Uncovering cancer’s history: CRISPR turns cells into ‘molecular recorders’ to track cell changes

| | September 24, 2019
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Cancer’s impenetrable secrets partly rely on its mysterious molecular history.

As cells turn to the dark side, a whirlwind of DNA changes gradually accumulate. Like flipping multiple interlinked light switches, the cell gradually changes its internal molecular operations, until its once-beneficial nature turns malevolent.

[A] team at MIT tapped the computational power of DNA to transform it into a minicomputer. Similar to its silicon counterpart, the technology dubbed DOMINO allows cells to read and write life events into single letters in its DNA. Unlike previous generations of cellular recorders that disrupt large chunks of genomic information, DOMINO alters data at the “bit” level. This keeps the cell functional, while massively increasing accuracy and storage capacity.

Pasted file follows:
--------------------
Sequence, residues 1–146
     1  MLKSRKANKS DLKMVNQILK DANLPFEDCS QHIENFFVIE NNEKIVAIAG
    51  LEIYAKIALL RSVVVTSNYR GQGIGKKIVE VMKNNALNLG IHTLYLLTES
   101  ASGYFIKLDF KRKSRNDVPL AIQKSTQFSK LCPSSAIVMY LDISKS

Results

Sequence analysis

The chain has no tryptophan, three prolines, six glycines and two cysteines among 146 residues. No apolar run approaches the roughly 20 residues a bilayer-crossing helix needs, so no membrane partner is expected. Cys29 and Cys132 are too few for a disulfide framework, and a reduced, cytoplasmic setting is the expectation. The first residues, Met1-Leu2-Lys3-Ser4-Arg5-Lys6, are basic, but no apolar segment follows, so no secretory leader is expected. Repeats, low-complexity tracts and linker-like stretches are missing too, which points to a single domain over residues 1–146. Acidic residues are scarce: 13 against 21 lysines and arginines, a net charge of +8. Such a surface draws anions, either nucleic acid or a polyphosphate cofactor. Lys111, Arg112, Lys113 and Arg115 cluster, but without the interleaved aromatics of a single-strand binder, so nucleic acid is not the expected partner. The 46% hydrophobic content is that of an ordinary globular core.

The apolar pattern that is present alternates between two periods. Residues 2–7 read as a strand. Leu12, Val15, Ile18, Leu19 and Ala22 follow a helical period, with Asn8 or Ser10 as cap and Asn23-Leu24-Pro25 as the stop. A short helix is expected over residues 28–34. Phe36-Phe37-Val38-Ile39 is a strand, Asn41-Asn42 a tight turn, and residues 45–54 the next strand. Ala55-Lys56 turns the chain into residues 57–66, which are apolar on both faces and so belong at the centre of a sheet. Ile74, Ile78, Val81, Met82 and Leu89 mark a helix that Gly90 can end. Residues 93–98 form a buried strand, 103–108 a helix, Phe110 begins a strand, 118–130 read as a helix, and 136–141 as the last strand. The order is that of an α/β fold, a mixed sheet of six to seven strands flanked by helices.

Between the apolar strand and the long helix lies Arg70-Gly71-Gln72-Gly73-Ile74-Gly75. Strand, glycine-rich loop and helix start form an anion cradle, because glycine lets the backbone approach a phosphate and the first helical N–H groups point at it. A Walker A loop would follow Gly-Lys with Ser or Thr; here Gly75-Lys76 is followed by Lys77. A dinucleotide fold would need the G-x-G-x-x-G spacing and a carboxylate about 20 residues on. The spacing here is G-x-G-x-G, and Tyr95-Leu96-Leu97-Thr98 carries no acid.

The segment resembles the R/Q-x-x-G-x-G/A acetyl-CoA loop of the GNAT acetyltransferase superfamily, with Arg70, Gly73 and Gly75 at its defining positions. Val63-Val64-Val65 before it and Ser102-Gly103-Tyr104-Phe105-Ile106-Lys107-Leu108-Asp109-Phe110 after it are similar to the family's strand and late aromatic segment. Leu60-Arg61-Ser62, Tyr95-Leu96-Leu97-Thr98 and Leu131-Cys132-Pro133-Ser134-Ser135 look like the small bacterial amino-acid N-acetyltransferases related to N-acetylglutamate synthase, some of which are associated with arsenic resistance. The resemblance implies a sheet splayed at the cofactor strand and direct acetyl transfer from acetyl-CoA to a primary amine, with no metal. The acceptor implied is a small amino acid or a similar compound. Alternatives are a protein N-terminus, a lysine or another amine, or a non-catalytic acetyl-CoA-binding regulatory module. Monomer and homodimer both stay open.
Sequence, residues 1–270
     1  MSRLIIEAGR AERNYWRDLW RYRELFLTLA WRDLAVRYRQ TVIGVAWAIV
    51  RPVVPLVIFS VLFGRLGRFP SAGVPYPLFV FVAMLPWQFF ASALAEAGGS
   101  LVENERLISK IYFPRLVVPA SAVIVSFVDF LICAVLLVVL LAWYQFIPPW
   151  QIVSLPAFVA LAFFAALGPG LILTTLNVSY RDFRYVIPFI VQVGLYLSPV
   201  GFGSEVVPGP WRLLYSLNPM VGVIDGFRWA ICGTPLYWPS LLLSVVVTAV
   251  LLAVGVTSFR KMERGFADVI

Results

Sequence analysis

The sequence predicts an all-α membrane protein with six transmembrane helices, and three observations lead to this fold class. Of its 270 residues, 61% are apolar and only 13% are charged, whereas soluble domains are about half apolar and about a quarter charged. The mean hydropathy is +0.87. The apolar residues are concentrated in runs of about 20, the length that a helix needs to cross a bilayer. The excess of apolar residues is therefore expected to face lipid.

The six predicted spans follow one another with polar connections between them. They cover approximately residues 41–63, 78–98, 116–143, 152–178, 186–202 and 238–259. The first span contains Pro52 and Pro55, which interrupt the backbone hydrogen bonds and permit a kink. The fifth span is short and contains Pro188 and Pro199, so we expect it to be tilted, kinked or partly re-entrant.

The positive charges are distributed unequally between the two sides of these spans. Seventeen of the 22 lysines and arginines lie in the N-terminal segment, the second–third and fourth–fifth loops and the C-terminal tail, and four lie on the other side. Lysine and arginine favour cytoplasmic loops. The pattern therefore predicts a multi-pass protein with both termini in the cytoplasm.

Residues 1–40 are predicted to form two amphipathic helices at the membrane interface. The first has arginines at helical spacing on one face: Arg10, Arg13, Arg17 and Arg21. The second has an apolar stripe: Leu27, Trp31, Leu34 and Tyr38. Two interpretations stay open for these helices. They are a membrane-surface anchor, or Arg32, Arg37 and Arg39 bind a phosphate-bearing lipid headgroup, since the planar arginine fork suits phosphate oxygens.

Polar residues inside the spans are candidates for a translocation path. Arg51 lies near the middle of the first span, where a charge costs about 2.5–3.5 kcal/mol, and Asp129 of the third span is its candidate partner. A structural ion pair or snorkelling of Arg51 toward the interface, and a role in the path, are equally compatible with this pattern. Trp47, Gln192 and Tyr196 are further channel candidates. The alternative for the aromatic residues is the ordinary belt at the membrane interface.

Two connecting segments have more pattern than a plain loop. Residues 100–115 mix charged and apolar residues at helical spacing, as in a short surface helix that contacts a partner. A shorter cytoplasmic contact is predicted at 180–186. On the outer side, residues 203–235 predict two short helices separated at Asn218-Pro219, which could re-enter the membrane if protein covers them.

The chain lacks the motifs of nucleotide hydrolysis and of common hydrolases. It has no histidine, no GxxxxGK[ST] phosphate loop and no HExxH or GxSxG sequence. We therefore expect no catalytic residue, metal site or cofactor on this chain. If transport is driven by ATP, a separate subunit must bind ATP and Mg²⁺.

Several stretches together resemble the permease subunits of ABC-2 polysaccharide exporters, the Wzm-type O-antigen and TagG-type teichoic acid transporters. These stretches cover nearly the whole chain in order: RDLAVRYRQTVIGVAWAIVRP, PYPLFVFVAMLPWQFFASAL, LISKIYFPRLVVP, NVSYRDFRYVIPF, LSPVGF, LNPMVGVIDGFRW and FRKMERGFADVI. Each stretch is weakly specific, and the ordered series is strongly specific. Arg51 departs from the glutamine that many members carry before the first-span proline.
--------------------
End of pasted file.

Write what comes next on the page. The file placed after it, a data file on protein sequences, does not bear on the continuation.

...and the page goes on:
Related article:  From GMOs to CRISPR: Making sense of how genetic engineering tweaks nature

At the heart of DOMINO are CRISPR base editors, a relatively new version of the gene editing tool that precisely swap one genetic letter for another. Think of every swap as tapping a computer key—multiplexing swaps lets researchers hit multiple keys in the correct sequence at the right time, and so write a cell’s history straight into its DNA. Sequencing the genome then retrieves the recordings, which can be pieced together into a biological timeline.

Read full, original post: Cellular Computers Get a Boost With CRISPR

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